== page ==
What are the benefits of Hyper Threading?

andrewfields88

macrumors newbie
Original poster
Apr 30, 2006
12
0
My understanding is that the Hyper Threading on the i7 creates 8 virtual cores, but what practical benefits will this give me as a video editor? How significant an advantage will I have with the i7 over the i5? I intend to get one of the quad cores with 8GB of RAM, Final Cut Studio and possibly Logic Pro 7.
 

netkas

macrumors 65816
Oct 2, 2007
1,134
313
My understanding is that the Hyper Threading on the i7 creates 8 virtual cores, but what practical benefits will this give me as a video editor? How significant an advantage will I have with the i7 over the i5? I intend to get one of the quad cores with 8GB of RAM, Final Cut Studio and possibly Logic Pro 7.
nothing if it cant use more than 4 cores
 

Rapmastac1

macrumors 65816
Aug 5, 2006
1,120
47
In the Depths of the SLC!
Most apps are just barely supporting dual core. I don't think it was in Apple's best interest to put quad cores in these machines because they won't be put to use for another 2+ years. By the time the newer updated iMacs come out, applications will start supporting more than 2 cores, but 8 cores is nowhere near anytime soon.

I would honestly stick with the i5 if you plan on having the iMac for more than 3 years. If you know you are going to upgrade to the newest iMac in two years time, I would just get the C2D.
 

MacHamster68

macrumors 68040
Sep 17, 2009
3,251
3
hyper threading is something you have to believe in that it makes your computer faster as only programs who can take advantage of this technology will run faster others who cant will slow down dramatically
and there are not many who can
i had worked with windows systems using pentium 4 processors with hyper threading ,hmm to be honest most of the time it was better not to bother to enable it
its like if i make you believe you have 4 hands ... now i tell you to write on two keyboards with 10 fingers on each , but you still have only 2 hands in reality only your brain thinks you have four

just read about hyper threading
http://en.wikipedia.org/wiki/Hyper-threading
 

Poonaka

macrumors member
Sep 30, 2009
63
6
hyper threading is something you have to believe in that it makes your computer faster as only programs who can take advantage of this technology will run faster others who cant will slow down dramatically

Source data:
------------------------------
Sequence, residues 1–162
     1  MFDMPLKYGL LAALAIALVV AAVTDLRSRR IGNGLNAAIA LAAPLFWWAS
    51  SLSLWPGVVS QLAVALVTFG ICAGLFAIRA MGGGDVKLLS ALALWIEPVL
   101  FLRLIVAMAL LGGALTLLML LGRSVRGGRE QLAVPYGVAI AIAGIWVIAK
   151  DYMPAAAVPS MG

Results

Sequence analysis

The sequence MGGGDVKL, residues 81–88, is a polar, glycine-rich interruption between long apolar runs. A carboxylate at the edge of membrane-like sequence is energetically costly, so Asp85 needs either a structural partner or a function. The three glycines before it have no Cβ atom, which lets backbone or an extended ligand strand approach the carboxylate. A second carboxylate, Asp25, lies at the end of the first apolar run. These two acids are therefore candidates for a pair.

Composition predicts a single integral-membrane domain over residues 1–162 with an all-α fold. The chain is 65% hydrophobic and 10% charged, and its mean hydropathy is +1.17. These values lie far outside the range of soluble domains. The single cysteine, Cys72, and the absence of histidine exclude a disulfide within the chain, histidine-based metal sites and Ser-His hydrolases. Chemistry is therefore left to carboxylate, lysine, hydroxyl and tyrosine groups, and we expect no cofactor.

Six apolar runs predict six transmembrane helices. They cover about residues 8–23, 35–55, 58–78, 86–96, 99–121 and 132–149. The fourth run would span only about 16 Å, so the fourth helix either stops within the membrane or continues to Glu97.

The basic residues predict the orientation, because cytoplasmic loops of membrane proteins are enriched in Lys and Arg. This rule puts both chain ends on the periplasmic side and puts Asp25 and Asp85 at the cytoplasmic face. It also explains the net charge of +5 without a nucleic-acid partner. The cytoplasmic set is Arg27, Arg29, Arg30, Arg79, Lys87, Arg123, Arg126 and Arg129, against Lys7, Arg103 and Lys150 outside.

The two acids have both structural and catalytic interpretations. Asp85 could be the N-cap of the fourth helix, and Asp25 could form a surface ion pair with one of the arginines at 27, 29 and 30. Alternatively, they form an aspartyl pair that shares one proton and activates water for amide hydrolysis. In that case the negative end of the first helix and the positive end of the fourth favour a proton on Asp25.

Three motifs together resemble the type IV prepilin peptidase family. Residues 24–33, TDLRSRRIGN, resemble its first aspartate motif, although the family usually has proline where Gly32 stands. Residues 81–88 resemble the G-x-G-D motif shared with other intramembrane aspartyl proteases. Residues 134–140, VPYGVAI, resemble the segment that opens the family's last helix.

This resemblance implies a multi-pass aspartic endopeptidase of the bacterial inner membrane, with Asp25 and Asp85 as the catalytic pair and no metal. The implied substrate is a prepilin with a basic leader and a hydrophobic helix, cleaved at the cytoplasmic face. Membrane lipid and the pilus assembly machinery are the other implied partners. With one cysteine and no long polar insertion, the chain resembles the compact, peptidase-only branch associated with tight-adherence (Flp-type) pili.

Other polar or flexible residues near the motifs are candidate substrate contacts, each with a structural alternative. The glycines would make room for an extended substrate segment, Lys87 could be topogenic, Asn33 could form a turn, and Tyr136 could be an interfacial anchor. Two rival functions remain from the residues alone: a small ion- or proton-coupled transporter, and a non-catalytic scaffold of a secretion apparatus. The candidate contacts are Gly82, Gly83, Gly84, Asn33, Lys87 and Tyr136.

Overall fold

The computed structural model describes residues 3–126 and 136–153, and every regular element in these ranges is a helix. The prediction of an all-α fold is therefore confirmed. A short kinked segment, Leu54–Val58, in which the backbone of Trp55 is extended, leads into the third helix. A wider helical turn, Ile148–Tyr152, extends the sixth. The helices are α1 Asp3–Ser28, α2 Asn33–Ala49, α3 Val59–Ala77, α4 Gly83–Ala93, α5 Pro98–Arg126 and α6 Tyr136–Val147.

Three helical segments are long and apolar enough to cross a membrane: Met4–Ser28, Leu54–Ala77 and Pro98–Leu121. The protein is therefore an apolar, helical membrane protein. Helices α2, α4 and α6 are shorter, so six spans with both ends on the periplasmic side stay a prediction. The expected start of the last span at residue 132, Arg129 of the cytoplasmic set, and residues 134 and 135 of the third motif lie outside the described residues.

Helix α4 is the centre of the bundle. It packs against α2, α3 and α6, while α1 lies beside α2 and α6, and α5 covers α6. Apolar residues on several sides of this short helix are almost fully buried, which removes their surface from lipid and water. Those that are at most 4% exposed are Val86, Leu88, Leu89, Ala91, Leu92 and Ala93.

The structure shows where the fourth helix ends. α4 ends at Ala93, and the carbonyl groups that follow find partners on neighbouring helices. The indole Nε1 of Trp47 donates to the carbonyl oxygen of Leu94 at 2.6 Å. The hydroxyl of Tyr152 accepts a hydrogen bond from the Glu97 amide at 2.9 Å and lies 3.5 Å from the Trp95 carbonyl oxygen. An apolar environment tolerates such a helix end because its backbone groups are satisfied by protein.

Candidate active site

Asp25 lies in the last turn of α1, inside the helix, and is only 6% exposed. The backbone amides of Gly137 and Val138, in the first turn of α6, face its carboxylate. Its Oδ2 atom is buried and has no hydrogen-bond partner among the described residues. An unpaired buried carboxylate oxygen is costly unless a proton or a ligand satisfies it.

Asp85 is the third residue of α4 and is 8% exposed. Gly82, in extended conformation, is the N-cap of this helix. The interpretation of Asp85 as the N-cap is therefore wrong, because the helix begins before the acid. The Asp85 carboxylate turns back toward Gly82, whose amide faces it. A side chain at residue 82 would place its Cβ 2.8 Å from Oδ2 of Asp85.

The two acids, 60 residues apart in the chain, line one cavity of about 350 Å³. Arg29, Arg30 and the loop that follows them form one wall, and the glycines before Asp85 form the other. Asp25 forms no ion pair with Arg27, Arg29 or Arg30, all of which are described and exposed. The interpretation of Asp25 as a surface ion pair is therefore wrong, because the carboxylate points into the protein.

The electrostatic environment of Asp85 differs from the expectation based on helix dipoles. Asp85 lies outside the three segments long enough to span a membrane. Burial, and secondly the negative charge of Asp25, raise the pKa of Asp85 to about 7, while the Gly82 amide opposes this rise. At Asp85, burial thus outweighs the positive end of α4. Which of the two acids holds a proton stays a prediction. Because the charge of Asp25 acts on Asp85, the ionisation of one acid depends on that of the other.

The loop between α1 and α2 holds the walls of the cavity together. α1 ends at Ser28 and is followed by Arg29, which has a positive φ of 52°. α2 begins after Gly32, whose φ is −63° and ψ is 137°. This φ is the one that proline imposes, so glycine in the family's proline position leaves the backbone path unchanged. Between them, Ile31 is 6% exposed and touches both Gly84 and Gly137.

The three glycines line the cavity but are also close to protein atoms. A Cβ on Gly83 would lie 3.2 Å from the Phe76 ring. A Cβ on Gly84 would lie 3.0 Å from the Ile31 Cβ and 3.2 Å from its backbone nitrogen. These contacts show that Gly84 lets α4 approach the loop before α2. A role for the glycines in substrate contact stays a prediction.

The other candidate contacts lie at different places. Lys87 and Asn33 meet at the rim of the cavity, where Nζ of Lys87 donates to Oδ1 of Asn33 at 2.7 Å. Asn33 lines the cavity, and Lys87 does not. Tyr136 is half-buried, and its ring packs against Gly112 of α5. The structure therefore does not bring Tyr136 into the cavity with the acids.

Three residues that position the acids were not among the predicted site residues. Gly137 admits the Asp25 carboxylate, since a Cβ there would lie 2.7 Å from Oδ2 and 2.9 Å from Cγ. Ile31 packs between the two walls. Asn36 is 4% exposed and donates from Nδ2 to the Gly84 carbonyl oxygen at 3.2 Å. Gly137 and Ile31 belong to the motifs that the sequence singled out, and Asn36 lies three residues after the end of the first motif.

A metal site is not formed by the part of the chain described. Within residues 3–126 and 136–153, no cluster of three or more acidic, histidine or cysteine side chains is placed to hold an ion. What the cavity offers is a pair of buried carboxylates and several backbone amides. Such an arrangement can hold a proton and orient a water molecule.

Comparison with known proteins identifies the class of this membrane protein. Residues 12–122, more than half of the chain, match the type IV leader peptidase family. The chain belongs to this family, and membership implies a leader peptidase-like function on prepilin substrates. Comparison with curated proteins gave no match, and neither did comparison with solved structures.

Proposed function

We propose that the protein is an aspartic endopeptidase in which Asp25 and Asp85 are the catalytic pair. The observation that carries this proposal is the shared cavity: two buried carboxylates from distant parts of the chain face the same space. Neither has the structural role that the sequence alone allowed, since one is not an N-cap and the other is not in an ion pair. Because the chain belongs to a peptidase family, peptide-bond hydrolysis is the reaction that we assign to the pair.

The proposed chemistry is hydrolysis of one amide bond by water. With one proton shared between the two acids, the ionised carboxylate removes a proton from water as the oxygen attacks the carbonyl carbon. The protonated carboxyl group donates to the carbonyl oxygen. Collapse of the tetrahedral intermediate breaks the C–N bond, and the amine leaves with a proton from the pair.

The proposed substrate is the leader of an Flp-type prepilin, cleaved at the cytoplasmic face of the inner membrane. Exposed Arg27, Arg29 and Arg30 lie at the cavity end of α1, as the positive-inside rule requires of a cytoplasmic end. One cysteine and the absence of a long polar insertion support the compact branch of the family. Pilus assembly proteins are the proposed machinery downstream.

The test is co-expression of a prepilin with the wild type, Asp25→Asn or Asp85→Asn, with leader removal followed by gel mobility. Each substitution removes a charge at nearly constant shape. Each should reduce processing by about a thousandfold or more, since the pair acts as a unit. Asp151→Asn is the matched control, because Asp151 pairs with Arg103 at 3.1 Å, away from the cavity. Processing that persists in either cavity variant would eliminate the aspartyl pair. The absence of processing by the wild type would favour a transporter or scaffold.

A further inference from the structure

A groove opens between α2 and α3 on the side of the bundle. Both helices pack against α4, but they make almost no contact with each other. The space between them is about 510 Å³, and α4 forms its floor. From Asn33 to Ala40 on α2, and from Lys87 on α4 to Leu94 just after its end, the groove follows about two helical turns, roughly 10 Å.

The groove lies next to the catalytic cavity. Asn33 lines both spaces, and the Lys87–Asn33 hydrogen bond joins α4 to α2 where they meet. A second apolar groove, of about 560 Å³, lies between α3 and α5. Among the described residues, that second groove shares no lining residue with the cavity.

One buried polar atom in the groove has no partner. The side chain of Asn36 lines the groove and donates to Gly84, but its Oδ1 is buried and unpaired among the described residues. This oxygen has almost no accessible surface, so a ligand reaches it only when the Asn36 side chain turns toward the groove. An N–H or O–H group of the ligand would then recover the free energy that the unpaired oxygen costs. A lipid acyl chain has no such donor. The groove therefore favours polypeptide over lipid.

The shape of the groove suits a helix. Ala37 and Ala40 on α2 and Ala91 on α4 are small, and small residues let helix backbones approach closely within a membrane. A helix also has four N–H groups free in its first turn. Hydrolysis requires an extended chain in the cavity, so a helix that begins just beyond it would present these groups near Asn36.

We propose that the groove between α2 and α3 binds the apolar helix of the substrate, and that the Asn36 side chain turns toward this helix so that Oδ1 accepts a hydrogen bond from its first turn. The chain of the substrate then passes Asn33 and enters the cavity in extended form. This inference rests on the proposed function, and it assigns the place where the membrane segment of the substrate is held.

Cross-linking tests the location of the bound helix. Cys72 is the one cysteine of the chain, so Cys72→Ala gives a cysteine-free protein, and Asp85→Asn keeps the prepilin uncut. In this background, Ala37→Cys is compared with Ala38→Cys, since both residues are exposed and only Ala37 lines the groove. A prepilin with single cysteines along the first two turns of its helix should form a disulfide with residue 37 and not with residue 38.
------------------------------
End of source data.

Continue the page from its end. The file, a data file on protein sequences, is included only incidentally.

and there are not many who can
i had worked with windows systems using pentium 4 processors with hyper threading ,hmm to be honest most of the time it was better not to bother to enable it
its like if i make you believe you have 4 hands ... now i tell you to write on two keyboards with 10 fingers on each , but you still have only 2 hands in reality only your brain thinks you have four

just read about hyper threading
http://en.wikipedia.org/wiki/Hyper-threading
The P4s were terrible with hyper-threading on. However the i7 version is supposed to be vastly superior.
 

Poonaka

macrumors member
Sep 30, 2009
63
6
My understanding is that the Hyper Threading on the i7 creates 8 virtual cores, but what practical benefits will this give me as a video editor? How significant an advantage will I have with the i7 over the i5? I intend to get one of the quad cores with 8GB of RAM, Final Cut Studio and possibly Logic Pro 7.
You'd have to ask Apple if those products would benefit from using more cores. Otherwise the i5 is probably fine unless you are also running a bunch of other cpu hungry apps at the same time.
 

sfroom

macrumors regular
Apr 30, 2008
214
0
As it's been discussed in other threads, Hyper threading makes the processor faster at executing inefficient, multi-core aware code.

If the code is written efficiently, hyper threading offers little advantage, because all 4 cores will be operating at 100%. However, if the code is executing inefficiently, you might have 4 cores operating at 60%, in which case, a Hyperthreading enabled processor starts sending computations to the cores not operating at 100%, to complete in their spare cycles.

This is an overly simplistic explanation, but you get the idea.

I don't know about the specific Applications you plan to work with, but I do know that where Hyperthreading shines the most is in video encoding, for what it's worth.

For the average consumer, I'd highly recommend sticking with the i5, unless money isn't an issue. In your case, I think it might warrant a little more research, or at least waiting for the benchmarks from barefeats.
 

Serif

macrumors regular
Jul 10, 2008
139
17
UK
OK I'll bite :)

Firstly, a Wikipedia search will probably explain this better than I can, but I'll give it a shot anyway. Hyperthreading is an attempt to make use of a processor core when the thread currently running on it is stalled because of a memory fetch.

A core has a whole bunch of functional units on it, adders, multipliers, instruction schedulers etc. that will be sitting there idle because of a cache miss or getting a branch prediction wrong. The theory goes that for a small extra investment in chip complexity you can put an extra register set on the core, providing the context for a second thread, and the logic to switch between these two threads at a very fine grain of scheduling; essentially giving control to one thread for a few instructions until it would stall and then automatically switching to the other in the hope that it can now run. It's analogous to the switching between threads on a single core that is done by the OS, but is handled by the hardware directly at a much lower level.

The downside of this is that if you keep a core working flat out then it will get hot, and to keep things under control the hardware will throttle back the clock, effectively cutting down the number of instructions executed per second. It does however look as though the i7 architecture has made the right tradeoffs for hyperthreading this time though; if you have enough threads running for hyperthreading to make a difference then an i7 will outperform an i5 doing the same job.